About 1.7 million years ago, archaeology in Mpumalanga and various other sites revealed that more specialised tools appeared, developing first in Africa then spreading to Asia and Europe through the movement of hominids out of Africa. These core tools, which are known as Acheulean tools after the French site, Saint Acheul, where they were first discovered in the 1800s, were intentionally designed to have sharper and straighter edges and studies suggest they were used to carry out a range of activities including butchering animals, chopping wood, digging up roots and cracking bone. Interestingly, even though the tools were named after a French site, they only appeared in Europe about 500 000 years ago.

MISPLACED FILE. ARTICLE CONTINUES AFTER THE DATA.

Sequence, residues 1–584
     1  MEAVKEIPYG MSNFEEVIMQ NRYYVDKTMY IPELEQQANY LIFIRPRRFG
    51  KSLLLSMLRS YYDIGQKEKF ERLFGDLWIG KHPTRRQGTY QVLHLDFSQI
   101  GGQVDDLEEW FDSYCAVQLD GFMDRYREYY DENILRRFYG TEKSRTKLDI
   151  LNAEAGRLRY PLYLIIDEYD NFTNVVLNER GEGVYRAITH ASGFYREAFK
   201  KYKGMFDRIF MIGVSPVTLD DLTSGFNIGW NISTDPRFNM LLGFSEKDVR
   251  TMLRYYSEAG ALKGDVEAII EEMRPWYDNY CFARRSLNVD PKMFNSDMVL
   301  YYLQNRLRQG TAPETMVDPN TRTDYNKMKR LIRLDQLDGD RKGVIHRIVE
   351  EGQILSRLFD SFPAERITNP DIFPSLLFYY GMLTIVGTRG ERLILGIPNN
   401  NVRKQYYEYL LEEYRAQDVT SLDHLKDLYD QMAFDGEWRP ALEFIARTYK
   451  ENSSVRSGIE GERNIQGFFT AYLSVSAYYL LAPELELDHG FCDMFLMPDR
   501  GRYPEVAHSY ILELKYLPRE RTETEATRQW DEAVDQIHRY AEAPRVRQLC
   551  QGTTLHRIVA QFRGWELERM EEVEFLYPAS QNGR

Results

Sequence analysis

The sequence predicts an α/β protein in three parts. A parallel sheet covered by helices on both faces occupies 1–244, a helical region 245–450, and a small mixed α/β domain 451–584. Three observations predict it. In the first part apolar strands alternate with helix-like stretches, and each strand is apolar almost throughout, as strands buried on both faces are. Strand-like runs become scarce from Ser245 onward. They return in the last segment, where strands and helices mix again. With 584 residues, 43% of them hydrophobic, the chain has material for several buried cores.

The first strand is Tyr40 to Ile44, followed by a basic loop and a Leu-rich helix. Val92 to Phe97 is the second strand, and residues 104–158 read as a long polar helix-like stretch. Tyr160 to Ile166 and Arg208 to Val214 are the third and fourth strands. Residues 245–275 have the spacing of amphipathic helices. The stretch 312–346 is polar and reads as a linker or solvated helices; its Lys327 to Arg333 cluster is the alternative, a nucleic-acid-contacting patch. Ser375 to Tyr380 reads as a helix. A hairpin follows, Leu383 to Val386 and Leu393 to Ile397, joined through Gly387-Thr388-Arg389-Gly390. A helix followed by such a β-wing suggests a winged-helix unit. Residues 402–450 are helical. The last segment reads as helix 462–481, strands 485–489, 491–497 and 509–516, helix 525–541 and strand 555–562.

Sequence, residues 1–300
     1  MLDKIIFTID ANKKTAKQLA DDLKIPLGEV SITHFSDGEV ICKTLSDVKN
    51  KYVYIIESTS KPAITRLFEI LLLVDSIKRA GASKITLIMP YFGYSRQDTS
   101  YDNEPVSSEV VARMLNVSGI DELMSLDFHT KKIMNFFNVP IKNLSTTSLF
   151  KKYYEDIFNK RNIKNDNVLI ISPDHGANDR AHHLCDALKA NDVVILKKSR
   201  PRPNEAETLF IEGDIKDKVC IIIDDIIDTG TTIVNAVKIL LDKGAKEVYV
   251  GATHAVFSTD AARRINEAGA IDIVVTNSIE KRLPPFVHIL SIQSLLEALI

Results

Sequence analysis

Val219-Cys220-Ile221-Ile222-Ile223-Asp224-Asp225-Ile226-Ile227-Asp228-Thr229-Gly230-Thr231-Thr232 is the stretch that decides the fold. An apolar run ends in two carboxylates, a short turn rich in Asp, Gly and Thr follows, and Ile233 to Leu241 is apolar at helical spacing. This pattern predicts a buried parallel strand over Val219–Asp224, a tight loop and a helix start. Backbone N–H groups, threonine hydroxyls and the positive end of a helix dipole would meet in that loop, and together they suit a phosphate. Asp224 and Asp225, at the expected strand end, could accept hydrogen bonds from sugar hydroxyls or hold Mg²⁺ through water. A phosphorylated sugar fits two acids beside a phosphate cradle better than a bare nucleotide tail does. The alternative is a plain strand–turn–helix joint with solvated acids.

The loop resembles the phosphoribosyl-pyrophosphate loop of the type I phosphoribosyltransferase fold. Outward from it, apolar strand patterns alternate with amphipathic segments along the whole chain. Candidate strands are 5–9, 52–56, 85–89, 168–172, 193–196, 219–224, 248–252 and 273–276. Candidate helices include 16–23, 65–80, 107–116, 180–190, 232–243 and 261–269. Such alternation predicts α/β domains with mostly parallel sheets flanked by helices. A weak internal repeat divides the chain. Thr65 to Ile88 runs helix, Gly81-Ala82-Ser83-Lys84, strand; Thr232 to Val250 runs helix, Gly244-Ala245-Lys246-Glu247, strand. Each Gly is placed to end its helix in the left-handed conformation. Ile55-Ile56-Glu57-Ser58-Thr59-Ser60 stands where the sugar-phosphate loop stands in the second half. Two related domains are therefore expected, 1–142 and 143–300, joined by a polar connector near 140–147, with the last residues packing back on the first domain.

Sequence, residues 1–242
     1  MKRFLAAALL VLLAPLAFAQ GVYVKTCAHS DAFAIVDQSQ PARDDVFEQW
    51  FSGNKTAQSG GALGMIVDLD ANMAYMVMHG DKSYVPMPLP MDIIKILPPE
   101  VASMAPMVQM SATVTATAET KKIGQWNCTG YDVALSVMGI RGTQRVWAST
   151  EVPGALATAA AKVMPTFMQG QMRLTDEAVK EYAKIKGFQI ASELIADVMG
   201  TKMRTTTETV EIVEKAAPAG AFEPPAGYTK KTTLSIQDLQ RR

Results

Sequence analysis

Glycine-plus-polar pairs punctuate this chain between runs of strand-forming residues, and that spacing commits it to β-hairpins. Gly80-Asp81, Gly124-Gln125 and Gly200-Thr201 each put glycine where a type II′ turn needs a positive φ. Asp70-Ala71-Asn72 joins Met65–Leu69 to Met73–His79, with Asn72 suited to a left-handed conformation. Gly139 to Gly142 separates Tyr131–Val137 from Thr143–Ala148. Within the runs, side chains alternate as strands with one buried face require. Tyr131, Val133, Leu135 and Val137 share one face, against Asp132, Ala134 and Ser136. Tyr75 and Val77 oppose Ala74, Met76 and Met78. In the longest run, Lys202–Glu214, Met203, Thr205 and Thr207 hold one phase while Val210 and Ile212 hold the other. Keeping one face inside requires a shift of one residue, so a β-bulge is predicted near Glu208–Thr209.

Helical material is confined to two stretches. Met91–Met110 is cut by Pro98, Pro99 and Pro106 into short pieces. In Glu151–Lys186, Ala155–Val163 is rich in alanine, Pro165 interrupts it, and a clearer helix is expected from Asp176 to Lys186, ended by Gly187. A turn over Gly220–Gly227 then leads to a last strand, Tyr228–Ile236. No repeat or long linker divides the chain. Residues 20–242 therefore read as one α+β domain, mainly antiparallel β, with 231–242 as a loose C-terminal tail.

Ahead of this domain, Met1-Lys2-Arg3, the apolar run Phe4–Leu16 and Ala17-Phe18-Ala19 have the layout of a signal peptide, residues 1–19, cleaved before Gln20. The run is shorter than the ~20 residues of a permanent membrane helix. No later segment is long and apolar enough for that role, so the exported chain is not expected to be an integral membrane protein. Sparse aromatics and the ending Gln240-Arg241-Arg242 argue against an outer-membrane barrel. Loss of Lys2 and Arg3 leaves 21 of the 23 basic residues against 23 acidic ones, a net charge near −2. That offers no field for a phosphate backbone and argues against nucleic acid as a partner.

The hominid species Homo ergaster has been credited with the manufacture of the Acheulean tools in South Africa. Compared with earlier hominids, Homo ergaster was physically almost like us; it had a larger brain and was relatively modern in face, body proportion and height. In fact, it had a body very much like our own. Homo ergaster ranged over vast areas of territory and occupied a variety of habitats, including drier, more open grassland settings. Most importantly, Homo ergaster became more dependent on tools; they became habitual tool users which also made Archaeology News. Oldowan and Acheulean tools are widely distributed across South Africa, where they are most commonly found in association with water sources such as lakes and rivers.